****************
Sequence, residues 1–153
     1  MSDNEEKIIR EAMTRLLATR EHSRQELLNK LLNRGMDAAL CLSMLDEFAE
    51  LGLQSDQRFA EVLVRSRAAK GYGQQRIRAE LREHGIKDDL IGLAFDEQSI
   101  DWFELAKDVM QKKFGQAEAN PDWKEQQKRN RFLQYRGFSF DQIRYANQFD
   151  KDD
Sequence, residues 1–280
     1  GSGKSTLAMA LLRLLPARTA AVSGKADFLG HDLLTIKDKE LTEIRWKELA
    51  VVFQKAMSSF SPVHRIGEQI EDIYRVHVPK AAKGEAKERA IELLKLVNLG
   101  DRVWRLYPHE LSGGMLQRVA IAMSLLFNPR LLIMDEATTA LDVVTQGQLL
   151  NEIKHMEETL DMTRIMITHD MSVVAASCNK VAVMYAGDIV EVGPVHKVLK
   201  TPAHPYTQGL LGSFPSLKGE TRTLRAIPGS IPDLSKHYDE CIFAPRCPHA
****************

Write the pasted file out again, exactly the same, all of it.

Sequence, residues 1–153
     1  MSDNEEKIIR EAMTRLLATR EHSRQELLNK LLNRGMDAAL CLSMLDEFAE
    51  LGLQSDQRFA EVLVRSRAAK GYGQQRIRAE LREHGIKDDL IGLAFDEQSI
   101  DWFELAKDVM QKKFGQAEAN PDWKEQQKRN RFLQYRGFSF DQIRYANQFD
   151  KDD
Sequence, residues 1–280
     1  GSGKSTLAMA LLRLLPARTA AVSGKADFLG HDLLTIKDKE LTEIRWKELA
    51  VVFQKAMSSF SPVHRIGEQI EDIYRVHVPK AAKGEAKERA IELLKLVNLG
   101  DRVWRLYPHE LSGGMLQRVA IAMSLLFNPR LLIMDEATTA LDVVTQGQLL
   151  NEIKHMEETL DMTRIMITHD MSVVAASCNK VAVMYAGDIV EVGPVHKVLK
   201  TPAHPYTQGL LGSFPSLKGE TRTLRAIPGS IPDLSKHYDE CIFAPRCPHA